People say that loneliness and depression are the greatest sicknesses of our time. We feel disconnected from ourselves and others and as a result, life loses all of its joy and brilliance.
I remember when I was a young teenager, having to take a bus crammed with people every morning in order to go to school, to build a very hazy, insecure future for myself. My only way of dealing with this was to put in my earphones and blast my music as loud as possible in order not to feel the discomfort and the tiredness that we were all bringing onto the bus. When I think of this it always makes me smile. Although now I live in the middle of an oak forest in the French countryside, and my life cannot be called stressful, I still dislike getting on buses. This feeling is quite subtle and I hardly notice it as it manifests, but it is certainly one of the reasons why I choose to bike the 26 kilometers to our weekly day of mindfulness in the New Hamlet. It’s a little residue of the suffering I went through as a teenager.
Hearing this you might think that this is quite a normal experience, and that nobody likes the smell, the noise, the traffic and the crowded spaces of our urban life. But three or four years into my monastic life I had another experience that surprised me very much and changed me.
I remember when the Sangha had organized a flashmob sitting meditation in a big square in Madrid, Spain. Thay was there and he sat in silence with the whole community, surrounded by thirty or forty monks and nuns. In just ten or fifteen minutes several hundred people had gathered around us, and sitting together as a Sangha we generated a very strong energy of silence and peace. People were walking all around us. Some would simply rush past, completely failing to notice our presence. Others would raise their gaze and stop for a few seconds, surprised at the bizarre sight. A few people saw what was happening and decided to sit down with us, while others were satisfied with standing on the far edges of our circle to take some pictures. Suddenly I became aware of the noise surrounding us. You could hear the loud hubbub of the traffic, and breathe the smell of the city. As I was observing closely my body and my feelings, I noticed that there was something strange there. In a similar situation I would normally feel quite uncomfortable and unsettled, but I surprised myself by having a very joyful sense of freedom. I could hear the noise of the city and yet “I was not it”.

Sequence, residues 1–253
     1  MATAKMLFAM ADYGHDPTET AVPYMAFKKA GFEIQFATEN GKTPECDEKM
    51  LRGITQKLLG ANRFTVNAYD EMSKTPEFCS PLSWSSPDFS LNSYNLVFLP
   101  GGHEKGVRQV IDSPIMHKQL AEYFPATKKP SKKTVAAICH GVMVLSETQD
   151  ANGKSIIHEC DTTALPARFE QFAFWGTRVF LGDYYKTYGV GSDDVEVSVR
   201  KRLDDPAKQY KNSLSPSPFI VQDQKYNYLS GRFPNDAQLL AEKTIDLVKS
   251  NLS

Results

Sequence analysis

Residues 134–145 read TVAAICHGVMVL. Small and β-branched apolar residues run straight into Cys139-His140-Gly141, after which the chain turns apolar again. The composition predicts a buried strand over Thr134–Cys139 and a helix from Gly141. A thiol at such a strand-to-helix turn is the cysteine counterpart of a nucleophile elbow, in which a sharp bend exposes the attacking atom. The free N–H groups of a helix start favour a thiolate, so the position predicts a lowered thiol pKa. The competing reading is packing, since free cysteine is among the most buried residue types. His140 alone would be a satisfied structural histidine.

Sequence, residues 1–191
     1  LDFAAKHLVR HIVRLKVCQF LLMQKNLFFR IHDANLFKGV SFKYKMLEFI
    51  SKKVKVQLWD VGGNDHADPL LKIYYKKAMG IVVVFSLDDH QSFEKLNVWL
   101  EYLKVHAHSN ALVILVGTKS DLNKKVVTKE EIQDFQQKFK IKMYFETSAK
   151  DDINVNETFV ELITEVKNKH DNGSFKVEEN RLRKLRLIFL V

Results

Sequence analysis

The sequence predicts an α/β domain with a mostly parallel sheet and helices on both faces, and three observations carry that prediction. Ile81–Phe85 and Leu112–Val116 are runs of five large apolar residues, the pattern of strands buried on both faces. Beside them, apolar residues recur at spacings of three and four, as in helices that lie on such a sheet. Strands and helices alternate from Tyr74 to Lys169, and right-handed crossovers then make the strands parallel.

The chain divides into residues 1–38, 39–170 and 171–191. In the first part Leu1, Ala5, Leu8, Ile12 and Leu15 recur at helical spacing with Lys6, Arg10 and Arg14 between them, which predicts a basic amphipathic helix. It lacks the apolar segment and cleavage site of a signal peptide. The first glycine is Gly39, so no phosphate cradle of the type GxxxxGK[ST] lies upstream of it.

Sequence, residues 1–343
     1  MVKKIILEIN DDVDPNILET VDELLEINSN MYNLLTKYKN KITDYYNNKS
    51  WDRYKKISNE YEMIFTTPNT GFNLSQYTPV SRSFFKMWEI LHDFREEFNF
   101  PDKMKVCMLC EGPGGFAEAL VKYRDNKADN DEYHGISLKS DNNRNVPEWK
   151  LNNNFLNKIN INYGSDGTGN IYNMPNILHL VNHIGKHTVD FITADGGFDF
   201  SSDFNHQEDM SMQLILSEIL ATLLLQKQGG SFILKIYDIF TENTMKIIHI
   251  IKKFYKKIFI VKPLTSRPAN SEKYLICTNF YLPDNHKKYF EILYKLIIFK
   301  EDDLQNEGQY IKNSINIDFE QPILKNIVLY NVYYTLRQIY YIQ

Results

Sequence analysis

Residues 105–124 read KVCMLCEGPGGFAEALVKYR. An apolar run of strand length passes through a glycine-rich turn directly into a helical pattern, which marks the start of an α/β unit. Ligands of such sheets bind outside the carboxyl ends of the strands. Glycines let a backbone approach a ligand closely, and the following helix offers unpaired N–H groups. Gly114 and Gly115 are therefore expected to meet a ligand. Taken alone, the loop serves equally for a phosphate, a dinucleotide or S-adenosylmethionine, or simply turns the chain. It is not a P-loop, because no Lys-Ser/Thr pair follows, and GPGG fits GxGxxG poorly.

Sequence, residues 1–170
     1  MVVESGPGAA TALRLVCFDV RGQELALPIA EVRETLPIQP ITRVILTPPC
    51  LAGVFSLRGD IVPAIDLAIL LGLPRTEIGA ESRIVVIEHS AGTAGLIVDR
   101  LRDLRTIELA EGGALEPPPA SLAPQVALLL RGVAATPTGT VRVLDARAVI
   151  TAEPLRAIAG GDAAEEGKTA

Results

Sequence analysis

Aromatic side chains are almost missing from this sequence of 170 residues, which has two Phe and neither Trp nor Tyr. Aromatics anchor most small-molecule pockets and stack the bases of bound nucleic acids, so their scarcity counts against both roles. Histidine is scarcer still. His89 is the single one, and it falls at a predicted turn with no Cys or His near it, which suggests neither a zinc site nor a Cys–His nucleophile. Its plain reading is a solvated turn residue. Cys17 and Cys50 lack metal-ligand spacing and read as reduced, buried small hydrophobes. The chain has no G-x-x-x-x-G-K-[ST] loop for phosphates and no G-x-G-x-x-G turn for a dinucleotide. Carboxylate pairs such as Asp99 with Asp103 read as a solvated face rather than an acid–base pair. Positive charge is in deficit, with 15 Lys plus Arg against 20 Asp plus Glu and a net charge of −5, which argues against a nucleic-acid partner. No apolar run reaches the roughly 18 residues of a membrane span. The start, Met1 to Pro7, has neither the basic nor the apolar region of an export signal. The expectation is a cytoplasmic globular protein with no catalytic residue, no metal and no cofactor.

Remembering this moment still gives me so much happiness. For the first time in my life I experienced being in the heart of our urban society and yet not feeling affected by it. I could see the direction that everybody was running toward, but I did not have to follow! That was a moment of liberation that I will cherish for the rest of my life.
Our intention in life is to thrive and not simply to survive, but sometimes we have to face some adverse conditions. Our cities are not built to fit a relaxed and leisured lifestyle. But with a community of friends, we can find enough energy to bring the practice to the very heart of our busy society. If we are able to touch a moment of joy, of happiness and freedom there, we have achieved a great victory. However difficult the situation is around us, we should not allow it to rob us of our right to generate small moments of happiness. If by some chance I had to sit again on the same bus I used to take to go to school, I would certainly do it in a very different way. Of course, it would be a challenge, but I would not hesitate to do it, because I trust that if I am really present, something surprising would happen one day or another.
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Br. Phap Bieu lives in the Upper Hamlet, Plum Village, France. He was ordained as a monk when he was 18 years old and became a Dharma Teacher this year. He is originally from Italy and speaks Italian, French, English and Vietnamese fluently. He is a talented musician and often conducts the Plum Village Monastics when they chant.